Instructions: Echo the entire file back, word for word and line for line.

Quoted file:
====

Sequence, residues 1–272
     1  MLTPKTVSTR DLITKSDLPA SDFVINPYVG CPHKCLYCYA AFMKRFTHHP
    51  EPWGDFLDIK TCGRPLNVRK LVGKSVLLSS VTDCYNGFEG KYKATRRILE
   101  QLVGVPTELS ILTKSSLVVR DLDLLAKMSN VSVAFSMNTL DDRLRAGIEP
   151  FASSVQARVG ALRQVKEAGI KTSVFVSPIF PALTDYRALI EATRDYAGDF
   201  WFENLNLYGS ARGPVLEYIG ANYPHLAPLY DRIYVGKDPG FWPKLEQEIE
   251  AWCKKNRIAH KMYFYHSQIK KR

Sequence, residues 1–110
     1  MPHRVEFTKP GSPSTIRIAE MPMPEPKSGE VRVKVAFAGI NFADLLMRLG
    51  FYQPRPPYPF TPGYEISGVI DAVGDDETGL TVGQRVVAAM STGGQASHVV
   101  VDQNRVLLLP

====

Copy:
Sequence, residues 1–272
     1  MLTPKTVSTR DLITKSDLPA SDFVINPYVG CPHKCLYCYA AFMKRFTHHP
    51  EPWGDFLDIK TCGRPLNVRK LVGKSVLLSS VTDCYNGFEG KYKATRRILE
   101  QLVGVPTELS ILTKSSLVVR DLDLLAKMSN VSVAFSMNTL DDRLRAGIEP
   151  FASSVQARVG ALRQVKEAGI KTSVFVSPIF PALTDYRALI EATRDYAGDF
   201  WFENLNLYGS ARGPVLEYIG ANYPHLAPLY DRIYVGKDPG FWPKLEQEIE
   251  AWCKKNRIAH KMYFYHSQIK KR

Sequence, residues 1–110
     1  MPHRVEFTKP GSPSTIRIAE MPMPEPKSGE VRVKVAFAGI NFADLLMRLG
    51  FYQPRPPYPF TPGYEISGVI DAVGDDETGL TVGQRVVAAM STGGQASHVV
   101  VDQNRVLLLP